Nursing mothers: It is not known whether Revlimid (lenalidomide) is excreted in human milk. Because of the potential for adverse reactions in nursing infants, a decision should be made whether to discontinue nursing or the drug, taking into account the importance of the drug to the mother.
Other adverse events: Multiple Myeloma (Revlimid/dexamethasone): constipation (39%), fatigue (38%), insomnia (32%), muscle cramp (30%), diarrhea (29%), neutropenia (28%), anemia (24%), asthenia (23%), pyrexia (23%), nausea (22%), headache ((21%), peripheal edema (21%), dizziness (21%), dyspnea (20%), tremor (20%), decreased weight (18%), thrombocytopenia (17%), rash (16%), back pain (15%), hyperglycemia (15%), and muscle weakness (15%). Deletion 5q MDS (Revlimid): diarrhea (49%), pruritus (42%), rash (36%), fatigue (31%), constipation (24%), nausea (24%), nasopharyngitis (23%), arthralgia (22%), pyrexia (21%), back pain (21%), peripheral edema (20%), cough (20%), dizziness (20%), headache (20%), muscle cramp (18%), dyspnea (17%), and pharyngitis (16%).
Revlimid is a member of a proprietary group of novel immunomodulatory agents. Celgene continues to evaluate Revlimid in a broad range of hematological and oncological conditions. The IMiDs(R) pipeline, including Revlimid, is covered by a comprehensive intellectual property estate of U.S. and foreign issued and pending patent applications including composition-of- matter and use patents.
Revlimid is indicated for use as a treatment in combination with dexamethasone for previously treated multiple myeloma. Revlimid is also indicated for treatment of patients with transfusion-dependent anemia due to low- or intermediate-1-risk myelodysplastic syndromes (MDS) associated with a deletion 5q cytogenetic abnormality with or without additional cytogenetic abnormalities.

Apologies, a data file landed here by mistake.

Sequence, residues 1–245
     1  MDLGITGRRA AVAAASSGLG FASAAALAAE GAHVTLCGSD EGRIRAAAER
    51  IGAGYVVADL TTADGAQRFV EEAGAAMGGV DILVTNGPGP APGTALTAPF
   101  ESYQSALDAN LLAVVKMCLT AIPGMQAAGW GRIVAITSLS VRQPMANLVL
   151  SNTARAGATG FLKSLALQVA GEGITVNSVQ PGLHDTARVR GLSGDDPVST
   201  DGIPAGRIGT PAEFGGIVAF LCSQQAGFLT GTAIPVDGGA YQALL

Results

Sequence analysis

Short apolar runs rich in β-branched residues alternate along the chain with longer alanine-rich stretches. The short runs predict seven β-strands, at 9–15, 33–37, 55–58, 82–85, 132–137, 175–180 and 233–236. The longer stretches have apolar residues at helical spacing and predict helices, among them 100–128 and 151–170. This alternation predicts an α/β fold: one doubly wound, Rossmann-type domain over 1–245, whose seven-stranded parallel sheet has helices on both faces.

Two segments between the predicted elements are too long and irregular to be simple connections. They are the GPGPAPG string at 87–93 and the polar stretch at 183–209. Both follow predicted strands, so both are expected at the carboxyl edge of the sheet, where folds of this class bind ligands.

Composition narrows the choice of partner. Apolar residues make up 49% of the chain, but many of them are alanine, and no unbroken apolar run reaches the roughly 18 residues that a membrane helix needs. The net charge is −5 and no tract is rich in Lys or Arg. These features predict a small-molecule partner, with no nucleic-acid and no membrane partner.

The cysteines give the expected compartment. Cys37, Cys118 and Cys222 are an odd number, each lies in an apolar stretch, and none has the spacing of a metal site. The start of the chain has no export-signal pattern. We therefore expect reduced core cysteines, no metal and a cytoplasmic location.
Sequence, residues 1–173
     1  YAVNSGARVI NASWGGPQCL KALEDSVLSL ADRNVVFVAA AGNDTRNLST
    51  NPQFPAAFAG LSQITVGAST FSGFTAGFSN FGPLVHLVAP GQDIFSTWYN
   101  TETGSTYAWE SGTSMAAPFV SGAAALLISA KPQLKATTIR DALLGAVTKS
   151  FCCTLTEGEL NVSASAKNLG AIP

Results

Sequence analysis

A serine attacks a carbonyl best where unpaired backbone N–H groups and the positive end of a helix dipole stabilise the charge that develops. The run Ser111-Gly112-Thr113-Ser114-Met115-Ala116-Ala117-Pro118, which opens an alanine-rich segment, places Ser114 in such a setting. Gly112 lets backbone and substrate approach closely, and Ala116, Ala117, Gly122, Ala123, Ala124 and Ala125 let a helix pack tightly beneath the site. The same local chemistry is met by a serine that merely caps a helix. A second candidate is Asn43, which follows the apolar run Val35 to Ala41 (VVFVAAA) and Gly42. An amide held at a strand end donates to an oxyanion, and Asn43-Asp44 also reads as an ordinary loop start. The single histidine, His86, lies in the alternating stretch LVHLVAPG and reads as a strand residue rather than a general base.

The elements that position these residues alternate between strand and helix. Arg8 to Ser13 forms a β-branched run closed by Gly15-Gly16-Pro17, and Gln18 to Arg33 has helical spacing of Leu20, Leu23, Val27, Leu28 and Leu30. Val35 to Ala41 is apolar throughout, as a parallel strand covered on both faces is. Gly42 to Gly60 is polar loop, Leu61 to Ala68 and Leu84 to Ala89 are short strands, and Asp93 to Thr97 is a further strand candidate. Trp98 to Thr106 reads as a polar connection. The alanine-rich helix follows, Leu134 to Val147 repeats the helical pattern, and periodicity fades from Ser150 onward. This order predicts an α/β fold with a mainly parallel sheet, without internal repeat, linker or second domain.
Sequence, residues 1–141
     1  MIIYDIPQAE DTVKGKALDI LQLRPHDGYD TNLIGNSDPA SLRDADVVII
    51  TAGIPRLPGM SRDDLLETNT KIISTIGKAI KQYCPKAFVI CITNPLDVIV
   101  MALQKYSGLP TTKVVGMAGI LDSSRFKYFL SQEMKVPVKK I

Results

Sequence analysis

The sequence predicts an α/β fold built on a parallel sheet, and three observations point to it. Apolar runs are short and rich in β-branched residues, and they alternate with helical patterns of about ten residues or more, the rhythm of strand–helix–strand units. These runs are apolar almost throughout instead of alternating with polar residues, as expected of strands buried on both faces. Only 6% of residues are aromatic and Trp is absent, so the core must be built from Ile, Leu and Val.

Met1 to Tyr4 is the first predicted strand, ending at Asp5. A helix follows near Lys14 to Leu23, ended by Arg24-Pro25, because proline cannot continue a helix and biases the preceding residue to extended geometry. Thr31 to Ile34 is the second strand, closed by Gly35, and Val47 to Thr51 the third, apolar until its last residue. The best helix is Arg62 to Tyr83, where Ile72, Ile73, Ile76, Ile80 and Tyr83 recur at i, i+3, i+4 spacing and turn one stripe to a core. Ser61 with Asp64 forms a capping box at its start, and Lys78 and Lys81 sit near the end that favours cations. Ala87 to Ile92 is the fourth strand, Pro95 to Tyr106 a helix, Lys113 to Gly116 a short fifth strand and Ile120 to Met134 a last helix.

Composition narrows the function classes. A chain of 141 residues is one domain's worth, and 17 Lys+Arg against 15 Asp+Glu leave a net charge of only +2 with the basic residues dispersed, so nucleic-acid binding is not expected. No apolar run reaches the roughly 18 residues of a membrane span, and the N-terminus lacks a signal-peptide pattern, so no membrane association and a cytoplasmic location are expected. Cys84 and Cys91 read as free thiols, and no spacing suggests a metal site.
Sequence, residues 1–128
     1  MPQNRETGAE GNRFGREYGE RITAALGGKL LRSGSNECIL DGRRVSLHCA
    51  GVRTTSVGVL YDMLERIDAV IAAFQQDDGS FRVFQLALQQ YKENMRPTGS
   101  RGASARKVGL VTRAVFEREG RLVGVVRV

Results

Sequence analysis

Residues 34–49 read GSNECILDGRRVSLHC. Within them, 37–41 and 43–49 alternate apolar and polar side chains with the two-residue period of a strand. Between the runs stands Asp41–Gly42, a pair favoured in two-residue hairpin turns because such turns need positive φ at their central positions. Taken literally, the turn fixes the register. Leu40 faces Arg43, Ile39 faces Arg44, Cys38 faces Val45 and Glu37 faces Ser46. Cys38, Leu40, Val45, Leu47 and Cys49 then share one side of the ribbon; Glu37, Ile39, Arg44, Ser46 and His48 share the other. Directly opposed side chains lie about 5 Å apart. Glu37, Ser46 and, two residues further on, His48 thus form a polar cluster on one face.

For further information about the RevAssist Program, please visit www.revlimid.com
About Multiple Myeloma
Multiple myeloma (also known as myeloma or plasma cell myeloma) is a cancer of the blood in which malignant plasma cells are overproduced in the bone marrow. Plasma cells are white blood cells that help produce antibodies called immunoglobulins that fight infection and disease. However, most patients with multiple myeloma have cells that produce a form of immuno-globulin called paraprotein (or M protein) that does not benefit the body. In addition, the malignant plasma cells replace normal plasma cells and other white blood cells important to the immune system. Multiple myeloma cells can also attach to other tissues of the body, such as bone, and produce tumors. The cause of the disease remains unknown.
In the year 2005, there were approximately 200,000 people worldwide suffering from multiple myeloma. An estimated 74,000 new cases of multiple myeloma are expected in 2006. The estimated number of deaths from multiple myeloma expected in 2006 is approximately 60,000 worldwide. Average survival time for a patient diagnosed with multiple myeloma is about three to four years.
About Myelodysplastic Syndromes
Myelodysplastic syndromes (MDS) are a group of hematologic malignancies that affect approximately 300,000 people worldwide. Myelodysplastic syndromes occur when blood cells remain in an immature or "blast" stage within the bone marrow and never develop into mature cells capable of performing their necessary functions. Eventually, the bone marrow may be filled with blast cells suppressing normal cell development. According to the American Cancer Society, 10,000 to 20,000 new cases of MDS are diagnosed each year in the United States, with mean survival rates ranging from approximately six months to six years for the different classifications of MDS. MDS patients must often rely on blood transfusions to manage symptoms of anemia and fatigue and may develop life-threatening iron overload and/or toxicity from frequent transfusions, thus underscoring the critical need for new therapies targeting the cause of the condition rather than simply managing its symptoms.
About Deletion 5q Chromosomal Abnormality
Chromosomal (cytogenetic) abnormalities are detected in more than half of patients with myelodysplastic syndrome (MDS), and involve a deletion in all or part of one or more specific chromosomes. The most common cytogenetic abnormalities in MDS are deletions in the long arm of chromosomes 5, 7, and 20. Another common abnormality is an extra copy of chromosome 8. A deletion involving the 5q chromosome may be involved in 20 to 30 percent of all MDS patients. The World Health Organization has also recently identified a unique subset of MDS patients with a "5q- Syndrome" where the only chromosomal abnormality is a specific portion of the 5q chromosome.
Source: Celgene Corporation
Posted: June 2006